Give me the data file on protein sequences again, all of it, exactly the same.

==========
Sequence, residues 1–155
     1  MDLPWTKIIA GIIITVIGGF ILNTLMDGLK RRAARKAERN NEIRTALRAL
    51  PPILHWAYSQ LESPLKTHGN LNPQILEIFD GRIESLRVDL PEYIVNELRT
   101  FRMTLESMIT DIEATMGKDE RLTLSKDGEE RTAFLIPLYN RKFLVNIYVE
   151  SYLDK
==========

Sequence, residues 1–155
     1  MDLPWTKIIA GIIITVIGGF ILNTLMDGLK RRAARKAERN NEIRTALRAL
    51  PPILHWAYSQ LESPLKTHGN LNPQILEIFD GRIESLRVDL PEYIVNELRT
   101  FRMTLESMIT DIEATMGKDE RLTLSKDGEE RTAFLIPLYN RKFLVNIYVE
   151  SYLDK